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Election Day With 1A Across America: The View From Minnesota

Volunteers process absentee ballots at Ramsey County's absentee ballot count center in St Paul, Minnesota. Last week the Eighth U.S. Circuit Court of Appeals ruled that all mail-in ballots received  in Minnesota after 8 p.m. on Election Day are to be set aside.
Volunteers process absentee ballots at Ramsey County's absentee ballot count center in St Paul, Minnesota. Last week the Eighth U.S. Circuit Court of Appeals ruled that all mail-in ballots received in Minnesota after 8 p.m. on Election Day are to be set aside.

Election Day is finally here.

While millions of Americans across the country have already voted, it’s estimated that nearly 150 million voters will be casting their ballots. And experts say this election will see the highest voter turnout since 1908.

As part of 1A’Across America partnership, we’ve teamed up with Minnesota Public Radio to share what you’re seeing at the polls this Election Day. Minnesota is no different when it comes to expected turnout. In 2016 the state had the highest turnout in the nation.

“I think we’re poised to shatter our modern-day record [of voter turnout], people are just fired up to vote on all sides, across the political spectrum,” Minnesota Secretary of State Scott Simon told us. “There is an energy, there is a determination, you can feel it.”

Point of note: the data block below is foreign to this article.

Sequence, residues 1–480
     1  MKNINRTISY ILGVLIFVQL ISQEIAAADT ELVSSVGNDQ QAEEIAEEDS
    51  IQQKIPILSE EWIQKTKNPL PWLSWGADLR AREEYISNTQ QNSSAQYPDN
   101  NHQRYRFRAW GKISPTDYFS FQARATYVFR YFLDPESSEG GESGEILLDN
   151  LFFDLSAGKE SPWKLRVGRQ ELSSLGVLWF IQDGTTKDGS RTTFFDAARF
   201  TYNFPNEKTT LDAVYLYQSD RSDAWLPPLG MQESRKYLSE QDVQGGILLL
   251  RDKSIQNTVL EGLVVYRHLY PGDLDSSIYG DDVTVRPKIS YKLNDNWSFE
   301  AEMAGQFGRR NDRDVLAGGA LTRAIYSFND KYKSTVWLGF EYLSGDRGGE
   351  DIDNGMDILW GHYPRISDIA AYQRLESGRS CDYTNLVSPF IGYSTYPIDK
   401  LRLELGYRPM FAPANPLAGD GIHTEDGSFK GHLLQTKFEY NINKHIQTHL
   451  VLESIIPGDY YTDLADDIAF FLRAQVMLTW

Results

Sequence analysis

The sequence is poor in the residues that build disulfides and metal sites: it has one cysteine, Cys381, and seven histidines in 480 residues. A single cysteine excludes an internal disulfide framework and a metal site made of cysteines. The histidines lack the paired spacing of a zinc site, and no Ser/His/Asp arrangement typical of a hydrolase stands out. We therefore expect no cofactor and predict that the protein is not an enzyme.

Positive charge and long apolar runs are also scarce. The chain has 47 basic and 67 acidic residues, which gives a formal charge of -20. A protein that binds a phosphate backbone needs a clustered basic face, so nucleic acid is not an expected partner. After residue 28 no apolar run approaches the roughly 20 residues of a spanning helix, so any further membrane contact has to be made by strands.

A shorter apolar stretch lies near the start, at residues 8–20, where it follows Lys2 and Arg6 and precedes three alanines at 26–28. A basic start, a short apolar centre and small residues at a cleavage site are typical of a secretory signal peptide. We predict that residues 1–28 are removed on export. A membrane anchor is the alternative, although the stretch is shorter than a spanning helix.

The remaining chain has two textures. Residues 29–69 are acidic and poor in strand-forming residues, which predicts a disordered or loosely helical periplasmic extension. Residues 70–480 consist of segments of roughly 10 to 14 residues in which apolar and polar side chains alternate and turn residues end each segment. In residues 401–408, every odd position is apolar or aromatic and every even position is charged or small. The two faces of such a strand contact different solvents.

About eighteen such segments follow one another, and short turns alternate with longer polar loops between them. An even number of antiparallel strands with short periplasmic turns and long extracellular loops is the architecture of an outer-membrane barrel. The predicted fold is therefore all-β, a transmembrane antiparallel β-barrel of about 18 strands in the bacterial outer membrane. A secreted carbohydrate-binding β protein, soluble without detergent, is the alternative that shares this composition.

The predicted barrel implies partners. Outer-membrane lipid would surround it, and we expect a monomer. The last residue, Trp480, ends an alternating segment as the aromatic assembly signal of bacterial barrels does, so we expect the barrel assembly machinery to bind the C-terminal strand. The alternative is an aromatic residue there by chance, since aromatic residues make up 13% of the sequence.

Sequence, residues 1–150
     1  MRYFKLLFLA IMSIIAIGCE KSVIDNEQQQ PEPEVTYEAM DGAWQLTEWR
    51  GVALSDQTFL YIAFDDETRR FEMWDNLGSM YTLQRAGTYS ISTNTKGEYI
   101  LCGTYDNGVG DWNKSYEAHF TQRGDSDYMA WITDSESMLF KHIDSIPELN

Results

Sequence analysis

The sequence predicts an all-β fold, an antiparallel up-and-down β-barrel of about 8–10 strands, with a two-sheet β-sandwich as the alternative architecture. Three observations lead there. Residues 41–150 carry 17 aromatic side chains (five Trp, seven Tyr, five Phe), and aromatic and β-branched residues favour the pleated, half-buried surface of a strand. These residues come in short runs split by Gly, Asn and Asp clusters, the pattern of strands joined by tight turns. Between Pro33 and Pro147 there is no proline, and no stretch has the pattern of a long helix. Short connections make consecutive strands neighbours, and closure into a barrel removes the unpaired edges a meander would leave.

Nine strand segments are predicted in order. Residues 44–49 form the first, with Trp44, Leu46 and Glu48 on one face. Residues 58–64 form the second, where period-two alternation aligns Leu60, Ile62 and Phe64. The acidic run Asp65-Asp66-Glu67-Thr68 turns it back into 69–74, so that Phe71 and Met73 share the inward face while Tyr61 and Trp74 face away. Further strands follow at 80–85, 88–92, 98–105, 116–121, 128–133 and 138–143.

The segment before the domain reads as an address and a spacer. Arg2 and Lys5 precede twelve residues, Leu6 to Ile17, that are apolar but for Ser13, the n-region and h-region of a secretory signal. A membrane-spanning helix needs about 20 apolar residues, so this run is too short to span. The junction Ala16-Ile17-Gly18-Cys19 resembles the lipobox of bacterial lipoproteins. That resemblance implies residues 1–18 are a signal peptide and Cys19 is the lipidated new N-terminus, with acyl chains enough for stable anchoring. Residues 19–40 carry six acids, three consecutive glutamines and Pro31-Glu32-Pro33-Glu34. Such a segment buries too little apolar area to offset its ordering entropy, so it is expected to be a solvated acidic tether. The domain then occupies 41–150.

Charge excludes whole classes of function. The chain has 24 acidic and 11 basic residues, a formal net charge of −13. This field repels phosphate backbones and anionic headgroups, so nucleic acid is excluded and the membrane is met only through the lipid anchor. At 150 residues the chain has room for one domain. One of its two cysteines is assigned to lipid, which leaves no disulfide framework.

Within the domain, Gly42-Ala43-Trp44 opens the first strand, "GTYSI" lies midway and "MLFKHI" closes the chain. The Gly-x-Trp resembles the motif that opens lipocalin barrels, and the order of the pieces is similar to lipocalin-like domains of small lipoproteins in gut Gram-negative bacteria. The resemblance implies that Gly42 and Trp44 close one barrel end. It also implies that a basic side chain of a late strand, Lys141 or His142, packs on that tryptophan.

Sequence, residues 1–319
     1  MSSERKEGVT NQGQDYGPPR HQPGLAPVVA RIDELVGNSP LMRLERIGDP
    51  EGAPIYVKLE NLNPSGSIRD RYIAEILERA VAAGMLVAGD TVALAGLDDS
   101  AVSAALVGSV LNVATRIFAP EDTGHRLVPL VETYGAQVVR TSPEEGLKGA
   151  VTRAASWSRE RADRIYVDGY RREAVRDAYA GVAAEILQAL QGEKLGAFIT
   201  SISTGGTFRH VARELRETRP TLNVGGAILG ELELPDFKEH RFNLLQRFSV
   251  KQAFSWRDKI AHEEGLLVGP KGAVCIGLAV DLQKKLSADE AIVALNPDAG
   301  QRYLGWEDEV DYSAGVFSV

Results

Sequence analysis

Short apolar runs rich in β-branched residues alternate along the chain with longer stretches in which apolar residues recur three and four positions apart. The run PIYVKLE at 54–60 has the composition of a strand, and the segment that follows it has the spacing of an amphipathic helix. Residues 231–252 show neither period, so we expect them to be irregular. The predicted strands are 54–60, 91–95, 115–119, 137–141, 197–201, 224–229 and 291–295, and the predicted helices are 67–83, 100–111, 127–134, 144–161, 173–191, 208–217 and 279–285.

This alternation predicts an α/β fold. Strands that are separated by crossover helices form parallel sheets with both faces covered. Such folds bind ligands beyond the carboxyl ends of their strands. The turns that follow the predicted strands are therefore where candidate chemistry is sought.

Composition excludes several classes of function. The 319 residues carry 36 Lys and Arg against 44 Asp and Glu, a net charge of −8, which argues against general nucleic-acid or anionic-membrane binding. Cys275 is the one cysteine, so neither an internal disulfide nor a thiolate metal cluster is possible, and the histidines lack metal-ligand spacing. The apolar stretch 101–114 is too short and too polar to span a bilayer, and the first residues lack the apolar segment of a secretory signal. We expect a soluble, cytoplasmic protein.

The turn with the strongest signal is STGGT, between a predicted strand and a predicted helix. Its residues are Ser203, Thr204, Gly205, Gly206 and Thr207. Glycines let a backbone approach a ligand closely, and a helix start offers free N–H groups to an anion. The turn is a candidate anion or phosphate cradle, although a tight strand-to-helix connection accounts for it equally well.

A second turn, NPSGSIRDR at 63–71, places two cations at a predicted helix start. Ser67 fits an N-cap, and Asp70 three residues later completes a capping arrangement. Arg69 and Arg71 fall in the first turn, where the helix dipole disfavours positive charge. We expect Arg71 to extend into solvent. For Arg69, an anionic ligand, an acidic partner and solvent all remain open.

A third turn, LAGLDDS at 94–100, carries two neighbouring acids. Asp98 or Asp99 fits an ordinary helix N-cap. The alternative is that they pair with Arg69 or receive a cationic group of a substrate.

For many, it’s a sign that this election is actually one of the most consequential in modern history.

It has prompted efforts to ensure that every vote is counted even during the pandemic. Still, some election experts say a final voting count could take days, if not weeks to know. It’s led some experts to caution against any victories that could be announced prematurely.

In Minnesota, a federal appeals court ruled that all ballots must be received by Election Day in order to be counted. As a swing state, that ruling could drastically change its final count while shifting the outcome of the presidential election and much more.

Alisianna Ruiz voted in Blaine, a Twin Cities suburb, on Tuesday.

“I want to make sure my voice mattered, my vote counts,” Ruiz told MPR. “It’s definitely a different type of environment this election. There’s been one or two where I haven’t voted. I’ll never make that mistake again.”

A high school senior, Nagmo Amoud turned 18 one month before Election Day.

“It was really exciting, voting for the first time,” Amoud told MPR. “And my vote makes an impact, you know? That’s really exciting.”

Secretary Simon told us they were ready for record numbers of voters this year.

“We frontloaded the process quite a bit, we had record numbers of people in Minnesota who voted before today even started either by mail or in person,” Simon told us.

Here’s the final NPR Electoral College map analysis. According to it, Democrat Joe Biden has an advantage, while President Donald Trump “has a narrow but not impossible path through the states key to winning the presidency.”

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